First Chapter: The Incomers by Moira McPartlin

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Ellie closes her eyes and squeezes the baby tight against her churning stomach. The plane is descending, a voice tells her this, but where is the ground? She sees only dirty clouds. The cabin shakes and rumbles like the ground at home when the mine blasts new rock. Her ears hurt and her head fills with mud. They are going to crash; this she knows for sure and she clutches the beaded juju round her neck and prays to her God for forgiveness. Her poor baby, to die so young. The stewardess asks the gentleman in the seat next to Ellie to extinguish his cigarette and fasten his seat belt.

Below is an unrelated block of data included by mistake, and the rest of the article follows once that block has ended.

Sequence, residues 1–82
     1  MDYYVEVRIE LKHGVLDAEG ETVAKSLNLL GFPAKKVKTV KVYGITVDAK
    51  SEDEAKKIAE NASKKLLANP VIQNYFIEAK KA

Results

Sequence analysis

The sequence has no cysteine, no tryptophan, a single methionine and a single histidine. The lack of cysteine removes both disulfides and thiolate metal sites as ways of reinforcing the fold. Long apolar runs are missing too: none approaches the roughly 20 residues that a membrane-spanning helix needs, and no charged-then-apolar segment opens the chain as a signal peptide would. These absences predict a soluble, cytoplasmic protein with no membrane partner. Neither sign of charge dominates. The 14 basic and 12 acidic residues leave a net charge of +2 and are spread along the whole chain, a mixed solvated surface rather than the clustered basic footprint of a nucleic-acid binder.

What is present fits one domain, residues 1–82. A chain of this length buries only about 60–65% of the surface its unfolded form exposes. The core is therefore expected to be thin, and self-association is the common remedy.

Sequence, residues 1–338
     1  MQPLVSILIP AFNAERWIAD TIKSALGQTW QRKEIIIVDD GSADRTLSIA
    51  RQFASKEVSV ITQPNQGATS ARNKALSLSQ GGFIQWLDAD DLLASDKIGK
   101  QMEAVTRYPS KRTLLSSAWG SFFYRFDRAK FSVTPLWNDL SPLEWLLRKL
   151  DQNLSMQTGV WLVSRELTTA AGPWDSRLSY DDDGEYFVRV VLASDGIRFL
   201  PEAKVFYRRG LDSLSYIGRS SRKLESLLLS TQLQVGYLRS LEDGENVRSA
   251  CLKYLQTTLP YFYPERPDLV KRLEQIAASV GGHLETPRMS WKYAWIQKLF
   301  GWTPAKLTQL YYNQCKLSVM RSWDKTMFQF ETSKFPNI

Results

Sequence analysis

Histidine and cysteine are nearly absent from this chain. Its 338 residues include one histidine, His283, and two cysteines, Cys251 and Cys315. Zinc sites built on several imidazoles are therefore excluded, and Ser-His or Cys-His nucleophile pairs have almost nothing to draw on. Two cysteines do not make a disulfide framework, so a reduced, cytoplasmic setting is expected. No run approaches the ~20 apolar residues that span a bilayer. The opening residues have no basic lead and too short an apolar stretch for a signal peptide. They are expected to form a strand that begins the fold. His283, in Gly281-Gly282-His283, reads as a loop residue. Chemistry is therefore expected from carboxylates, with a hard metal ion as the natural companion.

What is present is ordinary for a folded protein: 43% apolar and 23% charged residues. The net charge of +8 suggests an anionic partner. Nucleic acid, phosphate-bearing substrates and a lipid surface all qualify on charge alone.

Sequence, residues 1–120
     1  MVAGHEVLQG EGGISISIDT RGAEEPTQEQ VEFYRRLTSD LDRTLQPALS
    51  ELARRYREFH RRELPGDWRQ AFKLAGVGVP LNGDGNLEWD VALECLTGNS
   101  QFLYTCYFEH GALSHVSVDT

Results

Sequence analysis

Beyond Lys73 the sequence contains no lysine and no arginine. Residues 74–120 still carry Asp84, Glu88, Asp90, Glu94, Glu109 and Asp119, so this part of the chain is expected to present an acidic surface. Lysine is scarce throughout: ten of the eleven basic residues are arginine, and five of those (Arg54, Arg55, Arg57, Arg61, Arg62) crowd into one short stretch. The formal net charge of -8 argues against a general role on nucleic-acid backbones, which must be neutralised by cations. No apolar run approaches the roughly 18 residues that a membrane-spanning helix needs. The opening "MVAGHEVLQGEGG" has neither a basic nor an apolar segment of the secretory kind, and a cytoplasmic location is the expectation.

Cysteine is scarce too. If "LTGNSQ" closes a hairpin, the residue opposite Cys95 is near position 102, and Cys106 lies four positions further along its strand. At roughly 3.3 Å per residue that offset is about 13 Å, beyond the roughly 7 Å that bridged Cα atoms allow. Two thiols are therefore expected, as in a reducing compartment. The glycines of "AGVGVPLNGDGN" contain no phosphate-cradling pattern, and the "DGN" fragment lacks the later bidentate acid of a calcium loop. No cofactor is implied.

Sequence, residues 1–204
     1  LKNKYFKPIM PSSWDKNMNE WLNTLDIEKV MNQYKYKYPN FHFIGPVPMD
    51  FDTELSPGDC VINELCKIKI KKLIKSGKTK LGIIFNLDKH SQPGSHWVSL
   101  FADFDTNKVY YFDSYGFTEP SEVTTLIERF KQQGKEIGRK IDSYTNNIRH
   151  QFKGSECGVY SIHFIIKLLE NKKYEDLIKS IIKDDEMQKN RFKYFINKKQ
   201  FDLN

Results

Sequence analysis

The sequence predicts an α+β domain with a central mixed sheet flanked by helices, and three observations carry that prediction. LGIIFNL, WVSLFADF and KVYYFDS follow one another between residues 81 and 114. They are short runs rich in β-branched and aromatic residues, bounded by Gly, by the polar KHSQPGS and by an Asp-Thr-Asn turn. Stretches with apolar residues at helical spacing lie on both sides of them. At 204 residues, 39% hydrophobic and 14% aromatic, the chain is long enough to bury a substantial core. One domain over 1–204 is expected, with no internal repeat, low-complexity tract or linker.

The sudden sunlight hitting the small portal makes Ellie blink. She picks out the shadow of the plane in the dark grey water on the earth below. The plane dips to the right until the wing tip almost skims the surface of the waves and Ellie sees the reflection of the fuselage rush up to meet her. Why does stewardess walk up and down, calm? They are going to crash into the water. A voice speaks all around again and instructs everyone to look out of the right hand windows. The passengers turn their eyes towards Ellie and stare now, where they avoided her gaze before. ‘The Forth Bridges,’ the voice announces. ‘The famous red railway bridge is over sixty years old but look at the lovely new road bridge, opened only two years ago by Her Majesty Queen Elizabeth II.’ Ellie can tell this is a great excitement and hugs Nat and smiles. They are not going to crash. When Ellie steps out of the airplane door she gasps as her breath leaps back to hide in her mouth. As she touches her feet onto the hard concrete the hairs on her arms jump out of their pores, she feels a tingle creep then shake her body; her teeth rattle in her mouth. Her toes go numb and her legs cannot move. The baby begins to cry and she forces her legs awake to trot to the airport building. There is no problem with her passport; this was dealt with in London.   James grabs her and Nat and hugs them tight as soon as she walks into the arrivals hall. Her husband has lost weight, Ellie thinks as she pats his back to confirm she is now here with him. As their lips close around their world she tastes again the cool mint of her husband and remembers that first time she tasted his toothpaste, in the hot cab of the white Landrover he drove in her homeland. He had leaned towards her and jabbed his ribs with the gear stick and she had giggled; he only smiled confidently, took her face in his cool hands and pulled her towards him. Ellie had been scared one of the nuns would see them but if they did, they never mentioned it. James loads her two bags onto a trolley and takes the baby into his arms. Ellie marvels again how such a white man can beget such a black baby. The dirty clouds have parted revealing a piercing blue sky to welcome Ellie to Scotland, and yet she hesitates to go back outside. James hands her back the child, shrugs his jacket off and throws it over her shoulders. ‘Oh Ellie, I’m sorry, I brought a coat and blanket for you but they’re in the car; it’s not far, if we hurry it will warm you up.’ He tries to grab her hand but Ellie pushes him away. ‘’S ok, ’s fine.’ She takes a deep breath and pulls the baby’s shawl tighter around his body. He begins to cry again as if he too knows what is coming. Ellie grabs the bottom of her skirts and stamps her feet before allowing herself to be ushered toward a green Landrover.   The baby stops crying as soon as Ellie wraps them both in the blanket and gives him her breast. Her feet now throb as they begin to warm under the hot blast from the heater. She is surprised to see the shiny new bridge so soon after leaving the airport. ‘The Forth Bridges,’ she says. ‘Yes, how did you know?’ ‘A voice on the plane told me.’ James laughs. ‘A voice? That was the captain.’ ‘I know it is the captain. Do you think I am some ignoramus?’ He points to the other side of the bridge. ‘The Kingdom of Fife.’ ‘So I come from one Kingdom to another. Where are the King and Queen of this Kingdom?’ ‘Gone, hundreds of years ago.’ ‘Then we shall be the new King and Queen of Fife,’ she holds up the now sleeping baby, ‘and Nat can be Prince.’ James pushes his hand under her blanket and grabs a chunk of her thigh. ‘I can’t wait to get you back to our palace.’ Ellie bows her head and smiles, but her voice remains closed. Their silence stretches. James coughs. ‘How was your flight? You must be tired. You must be hungry.’ He stretches round to reach the back seat. The vehicle swerves and Ellie gasps as she sees a bush come towards her. James pulls the steering wheel round and drops a packet on her lap, all in one move. ‘I asked Cook to make you a sandwich; I thought you might be hungry.’ Ellie finds enough breath from her fright to say, ‘Thank you, ’s ok, I am fine.’ Her mother had packed some food for her journey and she could not eat even that. She knows she will eat when she is ready.   Everything is green and grey where folds of fields ripple towards hilly horizons. The road is smooth, a black scissor-cut slicing through the green. At one point on this road the Landrover stops and lets another car from the right pass, but it is not a crossroads. There is a concrete circle topped with a mound of earth in the middle of the road, but the road goes round the mound. James laughs. ‘You want to see your face – it’s called a roundabout.’ ‘A round-a-bout.’ Ellie says to herself and wonders if she will ever be able to learn to drive on these roads with such obstructions. And so many different cars to avoid. About a mile later James pulls the Landrover hard over into a single track road guarded by a brick house with a roof like the hat of a witch. ‘That’s one of the Lodges, the beginning of the estate grounds.’ James smiles towards her. ‘We’ll soon be home.’ Even though it is cold, James drives with his sleeves rolled up and Ellie finds her fingers twitch with the urge to stroke the golden hair on his arms, but she stops herself. It has been three months since she last saw him and she finds she is shy. She hugs her son instead. He feels warm against her stomach and Ellie realises she is still cold despite wearing the thick wool coat James brought her. ‘I need to pop into the big hoose before I take you to your new home. The Fairbairns aren’t at home this season and the cook needs more money for provisions.’ Ellie wonders if this big hoose is bigger than the Fairbairns’ house in her country. ‘This must be an extensive farm.’ The baby stirs with her voice. At home her own family has some land to farm, but it is out in the open where everyone can see how far it stretches to the horizon and they can see the herd of goats and the crops failing when the rains do not come. ‘Here,’ James says, ‘all the fields around are owned by the estate but farmed by tenants who pay their dues to the big hoose. The estate grounds are for hosting parties and shooting birds and deer, for fun as well as to eat. When the shooting season is over, the family will move to their other concerns in other countries.’ ‘My country.’ Ellie realised when she met James that these people make their living off others’ labour and by agreeing to marry their Factor, Ellie had signed into that deal. She will have to learn to live with that. The black road bumps over a ramp to a crunchy grey gravel track. A tall symmetrical line of shiny green bushes shelters a square house standing proud of its three storeys; its door is framed by pillars. Many, many windows, even windows on the roof, reflect the late afternoon sun. To the side of the main house, a squat block which looks like an afterthought, gives the house the shape of a lopsided L. Ellie wonders how many people it takes to clean such a house and where do these people go when the family moves to shoot larger wild beasts than deer. James stops the Landrover at the bottom of a sweeping staircase of stone steps. ‘You stay here, I won’t be a minute.’ Windows at the base of the house blank Ellie. The engine noise dies now that the ignition has been turned off and leaves a silence that fills with bird song. A brown bird flutters to the ground and hops and jabs, hops and jabs at the lawn until it is rewarded with a plump worm. Ellie has never seen such a drab fellow before. Nat wakes and wrestles with the blanket, wriggling to be laid down on the floor. ‘Shsh, shsh.’ Ellie pushes the blanket back and offers her swollen breast again and he grabs at her with his chubby fist and greedy mouth. Her tummy tugs as he latches on and she lays her head back to wait for the scrape of tiny teeth. Nat, still in his first year, is too old for breast feeding; James advised her in his last letter. She knows her husband is jealous; he wants her breast for himself. Even though she wishes to please James, it is too soon to wean her baby. What did men know of children? James bounds down the steps two at a time, clearing the last three in one jump to land square at the vehicle door. ‘Right, let’s get you two home.’ He climbs into the seat and stares at her. ‘What are you doing? Someone might see.’ He pulls the blanket up over the baby’s head to cover her breast. Ellie can feel her scalp itch with anger. ‘What is this, are you ashamed of your wife and baby?’ James rakes his hand through his thick curls. ‘No, it’s not that, it’s just that women around here don’t feed their babies outside.’ Ellie tugs the blanket off the baby. She can feel her face hot while her feet still throb with cold. ‘Well, I am not from around here, Mr Mason, and I will feed my baby where and when I want.’ She tucks the blanket around the baby’s rump and strokes his head then rests her own on the back of the seat and closes her eyes. Now she thinks she wants to hurry to her new home and close the door on what others might think.   The house James takes her to is a short drive down a lane to another witch’s hat, with tiny windows staring out to an overgrown garden. Dense forest crowds the sides of the house. When Ellie steps down onto the gravel the breath is whipped from her lungs by what she now knows is the sharp cold air of Scottish winter. James leads her past a green door hidden by tangled rose bushes and ushers her around the corner towards the forest. They squeeze through a rusty wrought iron gate that James fastens behind him. ‘Do the Fairbairns cut down the trees here for their mine as they do in my country?’ James laughs. ‘No, these trees are part of the estate. This forest is tiny compared to the forests in your country. There is no money to be made from these trees.’ He points to a stone wall with a back gate that leads to a track. Beyond this Ellie can see another forest. ‘That is the biggest forest around here,’ James says. ‘No more than a wood really. It belongs to the Scottish Co-operative Society, and they will keep it safe from loggers.’   The back garden is perfect for her. A small patch of tangled bush could be pulled and the ground cultivated. A rickety shed needs fixing but it has a good roof. She frowns at the trees shading the northern end of the garden then remembers where she is. This is good, she thinks. James leans into her. ‘Don’t worry; we’ll soon have those weeds cleared.’ Weeds? Where she is from there are few weeds, only food growing in the wrong place. James leads her through the back door into a kitchen and Ellie closes it behind her. She feels safe in here, even though the house is colder than outside. James dashes round flicking light switches and fiddling with a green stove in the corner. ‘The house has been lying empty for a while but the cook said someone had been up to air the place.’ He kicks the green stove and rattles its front door open. ‘They’ve put this on but it’s died down. It just needs a kick up the backside.’ He moves to Ellie and Nat and crushes them in a cuddle. ‘Once the stove is roaring we should never let it die.’